The Ninth Circuit on Tuesday upheld a lower court’s order prohibiting Greenpeace Inc. from interfering with Shell Offshore Inc. drilling ships bound for the Arctic, calling the group’s arguments “hazy” and saying its actions would cause irreparable harm to Shell.
A U.S. Court of Federal Claims judge on Tuesday denied the federal government's bid to dodge about $300,000 in Nuclear Energy Institute fees owed to Sacramento's public electric utility as part of a $35 million court-ordered judgment over the cleanup of an old nuclear plant.
A New York federal judge on Monday threw out a Telephone Consumer Protection Act lawsuit accusing Independence Energy Group LLC of placing illegal prerecorded telemarketing calls, ruling that class actions seeking statutory damages are not allowed under state law.
Allegedly fraudulently transferred property is not part of a bankruptcy estate until recovered and is therefore beyond the reach of an automatic stay, the Tenth Circuit said Tuesday in a circuit-splitting decision arising from the Chapter 7 of wind power company Generation Resources Holding Company LLC.
The Tenth Circuit on Tuesday shot down an attempt by an oil and gas group and several energy companies to force the U.S. Department of the Interior to issue drilling leases within 60 days of receiving high bids on the properties.
A Texas federal judge on Monday blocked new permits allowing water to be diverted from Central Texas river systems for municipalities, power plants and industry, saying poor water management practices have caused the deaths of endangered whooping cranes in a state wildlife refuge.
The Fifth Circuit on Monday declined to revive a shareholder’s suit alleging directors of oil field services provider Parker Drilling Co. ignored a foreign bribery scheme that provoked a federal investigation and $16 million fine, saying a skipped procedural step was fatal to his case.
Broadwind Energy Inc. will pay nearly $4 million to settle a class action alleging the wind energy technology company broke federal securities laws by artificially inflating its stock and allowing its CEO to cash out early, according to an agreement filed Monday in Illinois federal court.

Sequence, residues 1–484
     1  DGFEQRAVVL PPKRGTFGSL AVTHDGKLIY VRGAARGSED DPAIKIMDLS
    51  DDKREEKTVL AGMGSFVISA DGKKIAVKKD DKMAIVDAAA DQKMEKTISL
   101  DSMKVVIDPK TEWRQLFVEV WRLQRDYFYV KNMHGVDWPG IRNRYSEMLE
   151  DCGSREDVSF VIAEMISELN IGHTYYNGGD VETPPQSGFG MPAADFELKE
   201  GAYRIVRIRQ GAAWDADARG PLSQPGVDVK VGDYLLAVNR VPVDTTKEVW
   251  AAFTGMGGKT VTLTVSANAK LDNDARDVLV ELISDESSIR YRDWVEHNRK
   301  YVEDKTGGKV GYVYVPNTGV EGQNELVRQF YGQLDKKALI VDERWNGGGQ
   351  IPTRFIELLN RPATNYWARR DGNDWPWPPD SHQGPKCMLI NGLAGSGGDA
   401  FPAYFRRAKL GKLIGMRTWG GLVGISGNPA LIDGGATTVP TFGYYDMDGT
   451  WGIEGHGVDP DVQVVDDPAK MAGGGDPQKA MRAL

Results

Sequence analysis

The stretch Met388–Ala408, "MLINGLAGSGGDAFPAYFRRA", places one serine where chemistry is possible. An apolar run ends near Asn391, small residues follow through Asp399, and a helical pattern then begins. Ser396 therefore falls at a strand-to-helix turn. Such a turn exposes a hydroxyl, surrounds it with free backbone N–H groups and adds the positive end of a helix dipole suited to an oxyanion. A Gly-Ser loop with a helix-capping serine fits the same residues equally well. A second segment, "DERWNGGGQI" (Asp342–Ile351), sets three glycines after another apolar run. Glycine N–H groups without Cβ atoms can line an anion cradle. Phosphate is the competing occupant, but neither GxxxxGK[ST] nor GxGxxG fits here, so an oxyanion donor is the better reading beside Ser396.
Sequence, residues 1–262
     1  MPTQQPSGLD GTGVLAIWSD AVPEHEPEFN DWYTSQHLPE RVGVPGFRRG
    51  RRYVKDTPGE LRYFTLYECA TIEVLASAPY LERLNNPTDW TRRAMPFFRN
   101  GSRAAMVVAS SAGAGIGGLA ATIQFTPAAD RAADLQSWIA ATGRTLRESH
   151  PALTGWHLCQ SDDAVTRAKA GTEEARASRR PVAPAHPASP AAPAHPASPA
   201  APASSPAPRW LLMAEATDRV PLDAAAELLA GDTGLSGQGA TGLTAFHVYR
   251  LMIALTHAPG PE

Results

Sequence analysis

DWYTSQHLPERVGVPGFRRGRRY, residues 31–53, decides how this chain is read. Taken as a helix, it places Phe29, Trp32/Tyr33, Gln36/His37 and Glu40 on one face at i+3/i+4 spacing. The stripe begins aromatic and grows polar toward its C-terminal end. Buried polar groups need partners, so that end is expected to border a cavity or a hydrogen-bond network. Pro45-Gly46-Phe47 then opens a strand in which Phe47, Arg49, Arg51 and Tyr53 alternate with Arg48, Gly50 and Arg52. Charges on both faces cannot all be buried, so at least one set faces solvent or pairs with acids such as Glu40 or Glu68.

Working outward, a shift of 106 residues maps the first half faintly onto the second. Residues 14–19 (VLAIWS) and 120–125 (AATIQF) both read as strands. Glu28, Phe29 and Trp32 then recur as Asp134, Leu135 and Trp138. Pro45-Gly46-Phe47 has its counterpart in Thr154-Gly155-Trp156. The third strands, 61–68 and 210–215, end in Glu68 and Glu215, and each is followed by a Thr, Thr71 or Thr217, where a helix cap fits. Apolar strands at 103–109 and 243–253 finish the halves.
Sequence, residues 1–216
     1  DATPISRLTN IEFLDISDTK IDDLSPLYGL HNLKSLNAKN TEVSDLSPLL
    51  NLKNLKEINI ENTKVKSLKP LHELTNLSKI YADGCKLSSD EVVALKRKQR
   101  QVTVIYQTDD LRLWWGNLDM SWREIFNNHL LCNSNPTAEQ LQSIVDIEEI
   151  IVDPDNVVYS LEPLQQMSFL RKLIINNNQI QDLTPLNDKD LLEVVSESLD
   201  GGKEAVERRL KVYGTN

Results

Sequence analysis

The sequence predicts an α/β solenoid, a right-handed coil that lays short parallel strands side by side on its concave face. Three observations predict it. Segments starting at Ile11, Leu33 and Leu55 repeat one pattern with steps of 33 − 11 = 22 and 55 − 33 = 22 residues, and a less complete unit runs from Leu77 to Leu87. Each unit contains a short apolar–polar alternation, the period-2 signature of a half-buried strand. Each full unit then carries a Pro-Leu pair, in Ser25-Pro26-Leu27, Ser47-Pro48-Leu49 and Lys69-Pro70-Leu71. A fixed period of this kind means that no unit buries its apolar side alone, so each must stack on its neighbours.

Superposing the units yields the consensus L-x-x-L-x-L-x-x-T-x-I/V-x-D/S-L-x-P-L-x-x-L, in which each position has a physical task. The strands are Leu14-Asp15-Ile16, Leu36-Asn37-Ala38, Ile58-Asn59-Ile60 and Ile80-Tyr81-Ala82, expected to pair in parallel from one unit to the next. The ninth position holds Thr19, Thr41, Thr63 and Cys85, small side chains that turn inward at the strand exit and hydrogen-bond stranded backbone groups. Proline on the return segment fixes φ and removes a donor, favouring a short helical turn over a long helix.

Many financial institutions are trying to figure out ways to invest significant amounts of capital in energy efficiency as government incentives expire for renewable energy. Energy efficiency investments promise attractive financial returns, but potential investors should note the several obstacles to such investments, says James Berger of Chadbourne & Parke LLP.
The use of vehicles fueled by natural gas is, albeit slowly, continuing to gain ground and acceptance as a viable alternative to diesel fuel for commercial vehicles. Companies should now invest in the development of infrastructure and consider regulatory-related issues of natural gas vehicles to get ahead of the curve and receive handsome dividends in the long term, say Paul Avron and Doug Bates of Berger Singerman LLP.
Recently, the U.S. District Court for the District of Alaska set aside the U.S. Fish and Wildlife Service’s final rule designating critical habitat for the polar bear under the Endangered Species Act, saying that the service's action was "arbitrary, capricious and procedurally errant." Unless overturned on appeal, this decision means that the service will have to redesignate the critical habitat and repropose the designation, say attorneys with Bingham McCutchen LLP.